In school, I felt like an outsider.
I saw how others connected and had a great time, while I struggled.
Take the other guys in my class for example. I often worried that they were making fun of me behind my back and it felt like it was them inside and then me outside. (We’ve written an article about how to spot a fake friend from a real friend.)
You also might like to read more about how to deal with someone making fun of you.
One day, a new guy came to class. After a week, he was closer with my classmates than I was after a year.
That “proved it” to me: There’s definitely something wrong with me!
Like I’ve said before, I don’t regret that time, because that’s what formed who I am today.
I just wish I knew this back then:
Just because something is in a certain way, doesn’t mean it will always be that way.
You see, back then everything felt pretty dark to me. I had low self-esteem, so I didn’t believe that I would be able to turn things around.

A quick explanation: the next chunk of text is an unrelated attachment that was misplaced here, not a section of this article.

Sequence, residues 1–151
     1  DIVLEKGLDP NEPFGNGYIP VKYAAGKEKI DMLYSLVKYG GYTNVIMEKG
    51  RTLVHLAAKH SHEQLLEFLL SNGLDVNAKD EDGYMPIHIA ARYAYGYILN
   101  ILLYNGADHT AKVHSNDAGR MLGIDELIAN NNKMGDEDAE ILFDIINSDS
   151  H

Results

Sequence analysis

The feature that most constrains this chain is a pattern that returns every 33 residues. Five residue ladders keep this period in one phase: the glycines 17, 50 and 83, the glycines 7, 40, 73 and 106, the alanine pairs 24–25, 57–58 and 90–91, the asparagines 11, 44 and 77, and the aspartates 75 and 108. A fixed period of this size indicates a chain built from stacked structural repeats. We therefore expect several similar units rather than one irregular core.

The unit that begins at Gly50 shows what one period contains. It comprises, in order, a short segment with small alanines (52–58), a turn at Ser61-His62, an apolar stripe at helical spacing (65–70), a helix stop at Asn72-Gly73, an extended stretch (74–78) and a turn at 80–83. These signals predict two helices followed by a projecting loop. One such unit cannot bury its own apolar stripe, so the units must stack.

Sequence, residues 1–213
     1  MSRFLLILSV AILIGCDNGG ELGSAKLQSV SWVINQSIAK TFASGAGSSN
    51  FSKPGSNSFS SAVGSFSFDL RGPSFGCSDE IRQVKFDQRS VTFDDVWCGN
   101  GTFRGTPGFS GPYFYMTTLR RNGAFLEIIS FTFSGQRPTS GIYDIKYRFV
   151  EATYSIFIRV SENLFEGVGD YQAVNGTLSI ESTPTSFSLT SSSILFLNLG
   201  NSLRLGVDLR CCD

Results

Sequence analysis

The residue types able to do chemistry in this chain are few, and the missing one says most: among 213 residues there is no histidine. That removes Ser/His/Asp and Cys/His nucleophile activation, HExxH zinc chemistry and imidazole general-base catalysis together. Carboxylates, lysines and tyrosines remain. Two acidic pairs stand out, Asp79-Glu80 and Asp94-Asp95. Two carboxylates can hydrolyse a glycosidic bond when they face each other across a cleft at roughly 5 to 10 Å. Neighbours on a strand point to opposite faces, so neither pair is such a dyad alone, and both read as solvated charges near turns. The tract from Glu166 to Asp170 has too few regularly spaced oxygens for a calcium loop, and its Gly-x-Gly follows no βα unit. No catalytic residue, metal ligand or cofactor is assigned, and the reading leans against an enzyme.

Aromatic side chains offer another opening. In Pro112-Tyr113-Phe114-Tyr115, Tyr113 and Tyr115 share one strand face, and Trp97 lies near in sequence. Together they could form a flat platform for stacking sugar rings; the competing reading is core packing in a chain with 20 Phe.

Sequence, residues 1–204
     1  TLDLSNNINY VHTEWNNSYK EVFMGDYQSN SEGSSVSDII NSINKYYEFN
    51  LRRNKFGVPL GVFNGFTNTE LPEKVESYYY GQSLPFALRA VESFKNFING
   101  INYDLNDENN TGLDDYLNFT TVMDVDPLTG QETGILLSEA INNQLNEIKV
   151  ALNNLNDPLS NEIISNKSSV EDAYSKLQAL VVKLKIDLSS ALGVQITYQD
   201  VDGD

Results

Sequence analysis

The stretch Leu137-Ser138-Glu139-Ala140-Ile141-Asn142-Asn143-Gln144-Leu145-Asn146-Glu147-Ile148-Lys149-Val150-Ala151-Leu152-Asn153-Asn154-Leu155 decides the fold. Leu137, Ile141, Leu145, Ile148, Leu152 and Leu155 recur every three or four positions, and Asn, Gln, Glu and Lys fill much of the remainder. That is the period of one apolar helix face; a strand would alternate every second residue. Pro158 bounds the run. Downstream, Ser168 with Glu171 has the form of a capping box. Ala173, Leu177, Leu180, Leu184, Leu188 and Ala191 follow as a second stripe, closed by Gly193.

I had good times, too, and I did have some friends.
It was just that being off socially and seeing others hit it off when I didn’t make me think less of myself.
I had little hopes I would improve.
I could rationally see that practice makes perfect, but it FELT like there was something wrong with me and it FELT like this was how life would be.
Here’s what I’ve learned after all these years: It doesn’t matter what it FEELS like. Sometimes, you just have to do what you know is right even if feels like it won’t work out.
How did your childhood affect your social beliefs today? Did you worry about people making fun of you behind your back? Let me know in the comments!